Local musical duo Rich Wyman and Lisa Needham set to perform 30th anniversary concerts at the Boneyard
Concerts show appreciation to Park City
Rich Wyman and Lisa Needham, Park City’s husband-and-wife musical duo, have a collection of tunes they consider their “pandemic repertoire.”
“Wrote a lot of songs about being in COVID-19 lockdown,” Wyman said. “A lot of the songs talk about what’s going on in the world, and there is one song, ‘Dancing With You,’ that we wrote because Lisa and I have danced together a lot at home during this time.”
Park City will get a chance to hear these new songs when the duo perform at 6:30 p.m. on July 16 and 17 on the roof of the Boneyard Saloon and Wine Dive, 1251 Kearns Blvd.
The couple chose the Boneyard because they have a long-running history with the venue.
Wyman performed there for his 50th birthday in 2014, before it was even finished, he said.
“They were still drywalling the Wine Dive,” he said.
The following year, Wyman talked owner Jesse Shelter into presenting live music on the roof.
“It’s a great place to see the best sunsets around, and hear a band,” Wyman said. “And now it’s become an annual thing for us.”
The concerts, which will also feature drummer Eric Munoz, will celebrate Wyman and Needham’s 30th anniversary as Park City residents, something neither thought would be possible when they moved to town from New York in 1991.
“We really thought the first five years here were more of a transitional thing, and then we look around and realize we’ve been in the same house for 25 years,” Needham said.
When Needham first moved to town, she was involved in the film industry.
“I had studied theater and acting, and some of my first jobs in town were as a stand-in for film,” she said. “But that wasn’t the direction I wanted to go, so I got out and tried to pursue some theater.”
One of those theatrical endeavors was producing, directing and starring in a one-woman show.
“I did the one-woman show so I didn’t have to do somebody else’s ideas, directions or words,” she said. “I had stuff to say and I wanted to say it.”
Needham also created Park City Divas, an annual production that showcased locally based professional and semi-professional women singers, such as Wendy Fisher, Jeanne Rettos, Mary Beth Maziars and the late Kris Seligman.
“We would do a show each year, and add a new diva to the lineup,” Needham said. “It took a lot of work, and we haven’t done one in quite a few years.”
In addition to performing arts, Needham decided to open a yoga studio, which she just sold a couple of years ago.
“I had done yoga before I got out here, and I always wanted a yoga studio,” she said. “That opportunity popped up 20 years ago, but I let it go to focus on the music Richard and I are doing.”
In the meanwhile, Needham continues to sell essential oils.
Wyman, who has worked with such artists as Van Halen, and has embarked on his own solo world tours, also embedded himself into the community as a local resident and activist.
He is known for his work with the advocacy groups Coalition of Resident Renters and Citizens Alliance for Responsible Growth.
“Initially my first involvement in Park City was about affordable housing back in 1993,” Wyman said. “I went to a city council meeting and told them about the affordable housing issues around town.”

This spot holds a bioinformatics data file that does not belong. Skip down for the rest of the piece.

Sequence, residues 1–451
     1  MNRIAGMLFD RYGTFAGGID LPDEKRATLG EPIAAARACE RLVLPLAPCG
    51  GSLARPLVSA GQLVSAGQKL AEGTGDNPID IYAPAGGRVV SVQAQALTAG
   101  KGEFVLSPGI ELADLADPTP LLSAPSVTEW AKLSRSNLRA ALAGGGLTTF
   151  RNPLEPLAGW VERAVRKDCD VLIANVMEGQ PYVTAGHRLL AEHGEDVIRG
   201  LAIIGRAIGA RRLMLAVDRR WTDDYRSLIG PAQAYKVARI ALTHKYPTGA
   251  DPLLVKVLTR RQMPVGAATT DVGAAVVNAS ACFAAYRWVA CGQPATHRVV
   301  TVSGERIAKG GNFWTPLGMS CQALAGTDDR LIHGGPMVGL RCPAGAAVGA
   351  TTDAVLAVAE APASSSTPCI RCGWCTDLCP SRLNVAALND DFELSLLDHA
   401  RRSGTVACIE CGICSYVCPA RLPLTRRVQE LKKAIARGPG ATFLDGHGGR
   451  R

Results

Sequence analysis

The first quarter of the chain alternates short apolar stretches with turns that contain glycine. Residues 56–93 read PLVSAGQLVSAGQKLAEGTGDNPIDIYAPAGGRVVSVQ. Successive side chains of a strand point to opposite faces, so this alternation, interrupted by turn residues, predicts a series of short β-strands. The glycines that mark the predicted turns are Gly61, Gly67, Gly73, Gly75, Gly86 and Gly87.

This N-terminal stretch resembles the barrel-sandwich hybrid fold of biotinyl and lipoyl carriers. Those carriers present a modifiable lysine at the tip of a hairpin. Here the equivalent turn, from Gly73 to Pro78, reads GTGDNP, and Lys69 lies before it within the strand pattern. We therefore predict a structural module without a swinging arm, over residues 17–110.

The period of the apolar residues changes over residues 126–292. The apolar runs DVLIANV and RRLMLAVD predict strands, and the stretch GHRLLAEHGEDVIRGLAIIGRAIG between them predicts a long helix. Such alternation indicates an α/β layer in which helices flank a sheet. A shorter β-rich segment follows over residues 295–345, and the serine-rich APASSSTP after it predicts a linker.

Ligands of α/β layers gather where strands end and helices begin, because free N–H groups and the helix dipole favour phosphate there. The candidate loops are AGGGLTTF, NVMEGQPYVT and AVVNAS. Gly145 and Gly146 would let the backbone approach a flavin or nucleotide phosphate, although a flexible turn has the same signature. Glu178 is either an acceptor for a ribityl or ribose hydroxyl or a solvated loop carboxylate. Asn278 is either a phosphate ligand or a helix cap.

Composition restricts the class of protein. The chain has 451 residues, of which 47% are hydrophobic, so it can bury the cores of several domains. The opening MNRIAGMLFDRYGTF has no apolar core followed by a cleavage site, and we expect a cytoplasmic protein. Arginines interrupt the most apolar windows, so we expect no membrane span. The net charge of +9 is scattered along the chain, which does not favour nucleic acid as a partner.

When Wyman didn’t get the response he was looking for, he wrote a letter to the editor of the Park Record and called for renters to organize.
“When that letter published, my phone started ringing off the hook,” he said. “Before I knew it, I had started a group, which was engaging and exciting, because as a musician at night I had my days free.”
Wyman also got involved with the first Park City Leadership Class, a program that trains local residents to become community leaders.
“I love that people are passionate about this town,” he said. “I love how they try to be involved to make it a better place to live, because Park City is a small enough town where you can actually get things done when you get a group of people together. Sometimes you can succeed and sometimes you don’t, but you can always get involved.”
In 2018, Wyman and Needham decided to perform music permanently as the duo Park88. The name is symbolic to Park City and the 88 keys on a piano.
“Richard has always invited me up on stage to sing with him for the past 30-plus years, but after we became empty nesters, we decided to figure out what it was like to go out and sing together as a duo,” Needham said.
The couple released their full-length debut album, “The Fearlessness,” that same year and embarked on a tour opening for the Grammy-winning Gypsy Kings.
“The tour was a huge boost of confidence, because it was the first time for me going out on tour as a singer, and not as a theatrical performer,” Needham said.
The tour put Park88 on the musical map, and while the duo has garnered a large following, Wyman and Needham are looking for ways to change the band’s name.
“Unfortunately, the number 88 has been linked with white supremacy,” said Wyman, who is of Jewish descent. “The 8th letter of the alphabet is H, and many while supremacists have 88 tattoos, which symbolize ‘Heil Hitler.’ So we are trying to find a way to change our name, and not make it confusing for our fans.”
In the meanwhile, Wyman will continue to perform with Needham, and his dueling pianos offshoot project, Killer Keyz.
“I’m getting ready to go on my first Killer Keyz tour since March 2020,” he said. “But we both knew we had to play for our friends and fans in Park City. The show at the Boneyard is the only one we really do in Park City, and it’s important for us to do a weekend of shows in the place we live.”
When: 6:30 p.m. July 16 and 17
Where: The Boneyard, 1251 Kearns Blvd.
To put the battle, which went on for more than 40 years, into perspective, Rademan said people should understand how unique Crested Butte was at the time.
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